Richard Denning lives with his wife and two children in Sutton Coldfield in the West Midlands of England where he works as a General Practitioner (family doctor).
Away from his medical practice he is a writer of historical fiction and fantasy with a special interest in the early Anglo Saxon period. He owns a sizeable collection of Anglo-Saxon replica items which he takes to school visits and local history societies. Two of his books are BRAG medallion honourees: The Last Seal and The Amber Treasure.
A keen player of board games and other games he is one of the directors of UK Games Expo (the UK’s largest hobby games convention). He is also a board game designer and his first Board Game ‘The Great Fire on London 1666’ was published by Medusa Games and Prime Games in October 2010.
Stephanie: Richard I am delighted to be chatting with you today about your book, The Amber Treasure. Your story is one of the best I have read this year. I am so intrigued with the setting and period of your story and how complex your characters are and the vivid historical detail you give…
597 A.D. Treachery in Dark Ages Northumbria
Cerdic is the nephew of a great warrior who died a hero of the Anglo-Saxon country of Deira. Growing up in a quiet village, he dreams of the glories of battle and of one day writing his name into the sagas. He experiences the true horrors of war, however, when his home is attacked, his sister kidnapped, his family betrayed and his uncle’s legendary sword stolen.
Cerdic is thrown into the struggles that will determine the future of 6th century Britain and must show courageous leadership and overcome treachery, to save his kingdom, rescue his sister and return home with his uncle’s s sword.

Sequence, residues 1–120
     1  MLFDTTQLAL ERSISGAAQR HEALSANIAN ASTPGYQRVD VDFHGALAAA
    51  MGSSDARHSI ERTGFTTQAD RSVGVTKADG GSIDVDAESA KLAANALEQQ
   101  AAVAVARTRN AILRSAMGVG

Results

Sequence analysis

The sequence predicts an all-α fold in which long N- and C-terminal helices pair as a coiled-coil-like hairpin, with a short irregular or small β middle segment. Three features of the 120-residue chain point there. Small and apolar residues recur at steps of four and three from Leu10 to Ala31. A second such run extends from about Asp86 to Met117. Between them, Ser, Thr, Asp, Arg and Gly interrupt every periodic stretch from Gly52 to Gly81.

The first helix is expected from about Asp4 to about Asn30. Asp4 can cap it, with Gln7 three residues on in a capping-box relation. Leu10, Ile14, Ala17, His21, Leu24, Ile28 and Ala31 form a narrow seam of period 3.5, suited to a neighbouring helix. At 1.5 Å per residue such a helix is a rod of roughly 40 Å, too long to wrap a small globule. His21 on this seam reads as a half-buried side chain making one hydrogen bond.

Richard: You are very kind with your comments. The point I try and make when I give talks on this period is that these people are not just dusty old names on manuscripts. They are not just bones in the ground. These folk lived their lives feeling similar fears, joys and passions that we feel today. The allies and the enemies may vary, the politics is different but the fundamentals remain the same. As I say in the book, you can tell they lived because the world changed whilst they were alive.
Stephanie: First, I would like to ask you what interest you the most about 6th Century Northumbria and the research that went involved for your story.
Richard: Ah well this period I label “the darkest years of the dark ages” because we are right in the middle of an absence of documentation. There is so little written down. What we have comes from no more than half a dozen documents over three centuries. Yet these years were the birth pangs of the British nations. It was these centuries from which England, Ireland, Scotland and Wales emerge into documented history. That fascinates me. That period took Briton from the fall of the Roman Empire to the Era of Alfred the Great and the Viking era and it forged much of what was the basis of the British races. I wanted to help tell that story.